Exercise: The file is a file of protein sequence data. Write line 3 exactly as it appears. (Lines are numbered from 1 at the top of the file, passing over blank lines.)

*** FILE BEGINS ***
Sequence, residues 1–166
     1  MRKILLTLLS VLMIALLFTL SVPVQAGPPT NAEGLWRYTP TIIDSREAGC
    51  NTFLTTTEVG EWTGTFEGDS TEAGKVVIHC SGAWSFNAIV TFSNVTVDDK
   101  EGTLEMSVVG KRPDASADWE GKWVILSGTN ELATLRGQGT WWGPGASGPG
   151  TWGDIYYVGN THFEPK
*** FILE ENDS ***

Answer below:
    51  NTFLTTTEVG EWTGTFEGDS TEAGKVVIHC SGAWSFNAIV TFSNVTVDDK